The station is your first stop; this is where you can buy your tickets, start your tour, and catch the train. Inside the station is a souvenir and book store, a snack counter, and many displays including a complete telegraph display.
The railway station was always an important gathering point for people. It was where passengers arrived and departed, mail, express and freight came and went. The telegraph facilities were an important communications link to the outside world. Stations provided living quarters and office space for the station agent, freight and express storage, and a waiting room for passengers.
The St. Albert Station was built in 1909 at Mile 5 of the Sangudo Subdivision. The original station was somewhat smaller; a freight storage addition was made in 1921. The station was stuccoed and insulated in 1937, electrified in 1953, moved to the Museum grounds in 1973 and placed on a foundation in 1982. Interior renovations were carried out from 1983 to 1986.
Built on the Canadian Northern mainline, this station became part of the Canadian National Railways, formed from 1917 - 1923. A replica of the station has been constructed at the grain elevator site in St. Albert.
Gibbons Water Tank
The Museum acquired the 1919 Gibbons water tank in 1984. It was a major accomplishment getting it trucked to the grounds because of its size, design and physical condition. It has eight sides each 13 ft. wide at the bottom, 11ft. wide at the top and 32 ft. high, plus the roof.
The tank is actually two separate structures, the exterior shell and the interior tank and support members. The exterior serves to protect the tank from the elements.
The tank was used to fill the tenders of steam locomotives with water. The ball on the rod at the top of the tank is the float which shows how much water is in the tank. The building had a stove inside to keep the water from freezing during the winter.
The tank is constructed like a wooden barrel, with wooden staves bound together with iron straps. Without a constant water supply swelling the staves, it is unlikely that the tank can be used as originally designed without lining it with plastic or fiberglass. Even then, there is some doubt that the tank would be able to withstand the pressure of 40,000 gallons of water - 400,000 pounds (nearly 182,000 kilograms)!
The exterior was repaired and repainted in 1994-95 through an Unemployment Insurance Section 25 Grant.
Edmonton South Yard Fire Hall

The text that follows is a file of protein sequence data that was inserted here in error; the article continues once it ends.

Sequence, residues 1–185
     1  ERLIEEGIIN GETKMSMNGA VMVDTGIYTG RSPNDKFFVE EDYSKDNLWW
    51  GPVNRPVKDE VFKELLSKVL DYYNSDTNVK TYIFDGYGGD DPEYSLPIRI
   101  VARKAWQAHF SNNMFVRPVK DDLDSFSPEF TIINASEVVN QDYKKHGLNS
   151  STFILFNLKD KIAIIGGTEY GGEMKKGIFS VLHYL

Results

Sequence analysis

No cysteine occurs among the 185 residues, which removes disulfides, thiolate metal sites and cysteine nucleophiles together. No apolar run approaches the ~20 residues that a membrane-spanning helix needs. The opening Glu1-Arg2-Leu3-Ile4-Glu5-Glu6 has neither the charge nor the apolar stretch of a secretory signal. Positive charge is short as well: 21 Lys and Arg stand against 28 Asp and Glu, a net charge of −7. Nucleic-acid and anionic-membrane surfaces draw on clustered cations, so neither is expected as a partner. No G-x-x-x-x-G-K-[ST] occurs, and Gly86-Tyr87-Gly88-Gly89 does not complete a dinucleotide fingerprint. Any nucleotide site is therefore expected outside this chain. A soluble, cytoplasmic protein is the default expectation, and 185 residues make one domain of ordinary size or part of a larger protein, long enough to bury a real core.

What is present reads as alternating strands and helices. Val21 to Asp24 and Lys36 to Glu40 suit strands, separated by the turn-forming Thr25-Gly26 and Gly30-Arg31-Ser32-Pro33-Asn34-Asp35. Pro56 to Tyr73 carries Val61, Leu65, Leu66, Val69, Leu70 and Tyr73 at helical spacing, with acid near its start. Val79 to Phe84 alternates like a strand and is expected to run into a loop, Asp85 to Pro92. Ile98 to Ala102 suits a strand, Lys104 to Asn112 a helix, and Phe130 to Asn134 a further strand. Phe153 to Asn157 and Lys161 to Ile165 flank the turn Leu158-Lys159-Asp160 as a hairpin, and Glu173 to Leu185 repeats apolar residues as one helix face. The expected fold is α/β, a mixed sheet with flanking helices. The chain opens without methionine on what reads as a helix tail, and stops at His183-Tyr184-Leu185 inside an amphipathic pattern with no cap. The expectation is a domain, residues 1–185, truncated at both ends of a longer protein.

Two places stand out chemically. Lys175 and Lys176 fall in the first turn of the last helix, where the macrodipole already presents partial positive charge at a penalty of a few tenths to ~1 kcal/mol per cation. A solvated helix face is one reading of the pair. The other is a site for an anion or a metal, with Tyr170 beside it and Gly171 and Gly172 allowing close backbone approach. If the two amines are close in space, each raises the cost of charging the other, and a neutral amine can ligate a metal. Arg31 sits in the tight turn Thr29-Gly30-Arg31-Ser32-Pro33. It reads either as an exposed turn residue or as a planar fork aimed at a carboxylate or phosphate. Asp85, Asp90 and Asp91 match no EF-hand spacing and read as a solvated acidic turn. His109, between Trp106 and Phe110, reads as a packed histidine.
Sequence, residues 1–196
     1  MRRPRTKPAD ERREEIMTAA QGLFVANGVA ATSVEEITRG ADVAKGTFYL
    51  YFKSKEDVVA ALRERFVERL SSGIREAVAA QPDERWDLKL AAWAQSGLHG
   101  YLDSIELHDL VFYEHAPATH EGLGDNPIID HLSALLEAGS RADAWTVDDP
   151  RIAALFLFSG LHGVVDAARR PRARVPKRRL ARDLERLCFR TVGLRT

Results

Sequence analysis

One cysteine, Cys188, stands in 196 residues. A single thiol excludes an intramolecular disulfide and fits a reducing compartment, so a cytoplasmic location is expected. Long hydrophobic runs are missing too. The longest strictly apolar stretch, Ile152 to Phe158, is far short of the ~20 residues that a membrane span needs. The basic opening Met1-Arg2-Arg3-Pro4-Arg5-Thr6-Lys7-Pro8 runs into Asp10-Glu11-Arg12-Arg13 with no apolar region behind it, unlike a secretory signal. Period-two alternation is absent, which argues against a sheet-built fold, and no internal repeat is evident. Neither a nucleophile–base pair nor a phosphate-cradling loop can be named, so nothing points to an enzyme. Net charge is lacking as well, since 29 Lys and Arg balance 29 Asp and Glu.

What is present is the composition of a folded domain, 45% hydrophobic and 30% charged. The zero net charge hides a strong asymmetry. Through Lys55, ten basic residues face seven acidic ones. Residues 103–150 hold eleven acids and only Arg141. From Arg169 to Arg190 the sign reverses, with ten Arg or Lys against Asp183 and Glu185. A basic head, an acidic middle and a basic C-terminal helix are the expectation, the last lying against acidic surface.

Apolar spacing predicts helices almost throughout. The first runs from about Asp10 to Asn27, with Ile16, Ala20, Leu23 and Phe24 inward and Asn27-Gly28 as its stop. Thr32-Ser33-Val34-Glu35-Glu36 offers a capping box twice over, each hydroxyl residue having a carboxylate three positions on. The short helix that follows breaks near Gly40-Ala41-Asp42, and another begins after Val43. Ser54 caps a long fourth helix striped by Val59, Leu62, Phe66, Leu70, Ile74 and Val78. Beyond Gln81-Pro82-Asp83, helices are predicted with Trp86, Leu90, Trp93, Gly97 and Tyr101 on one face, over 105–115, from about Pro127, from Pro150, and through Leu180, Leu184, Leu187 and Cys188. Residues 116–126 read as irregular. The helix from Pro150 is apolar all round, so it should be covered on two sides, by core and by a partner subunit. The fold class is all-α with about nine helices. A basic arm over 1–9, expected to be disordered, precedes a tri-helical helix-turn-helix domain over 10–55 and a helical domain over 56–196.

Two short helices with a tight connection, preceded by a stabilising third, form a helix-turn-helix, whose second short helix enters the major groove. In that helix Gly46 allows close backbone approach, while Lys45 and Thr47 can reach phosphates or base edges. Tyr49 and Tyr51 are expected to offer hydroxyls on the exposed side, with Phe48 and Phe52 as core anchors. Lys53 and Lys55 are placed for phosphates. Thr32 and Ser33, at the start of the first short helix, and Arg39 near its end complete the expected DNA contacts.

Built during the First World War, this former CN fire hall is representative of the smaller structures that housed manual fire fighting equipment of that era.
This particular hall was a feature of the South Yard in Edmonton. The Fire Hall was restored and repainted in 1991. The structure has been fitted out as a commissary for feeding summer work crews.
The Museum's bunkhouse came from Rosalind, Alberta in 1993. It was put on a foundation across the track from the station. The bunkhouse was completely painted inside and out, and has been fitted out as a volunteer centre.
Bunkhouses were set up so that maintenance-of-way crews would have a place to eat and sleep while away from home. This one is typical of many that sat at trackside on Canada's railways. The upper picture shows the bunkhouse in its original condition, shortly after its acquisition.
Yes, this is a railway station - technically, a passenger shelter. It stood in the hamlet of Opal, Alberta, a flag stop on the line west of Redwater, AB.
Trains only stopped at flag stops when they were flagged down. The building is located just east of the St. Albert Station. It was donated by Robert Murland, an Opal resident.
The siding at Peavey, AB, just north of Morinville AB. was the site of a National Grain Company grain elevator.
The name of the siding was probably taken from the first two initials of the owner of the elevator company, P.V. Heffelfinger. He and his brothers were part owners of National Grain.
The company was sold to Cargill, Inc. around 1965.The building was donated by the McKirdy family.
The Museum has two large shops for equipment repair and maintenance.
The east shop is named "Dunvegan Shop" in honor of the Northern Alberta Railways. It contains a carpenter shop, car repair facilities, and track for storage of railway cars while repairs are being made. Some cars are available for viewing.
The west shop was named "Calder Shop" after CN's main yard.
Calder Yard is now named Walker Yard, recognizing the long service to CN of Ross Walker who was CN's Senior Vice-President.
Calder Shop was built in the early 1980s for storage and repair of xCN6060 when it was donated by CN to the Province of Alberta in recognition of Alberta's 75th Anniversary. 6060 is now located at Stettler and operates on Alberta Prairie Steam Tours.The shop is being used for maintenance and repair of our locomotive fleet.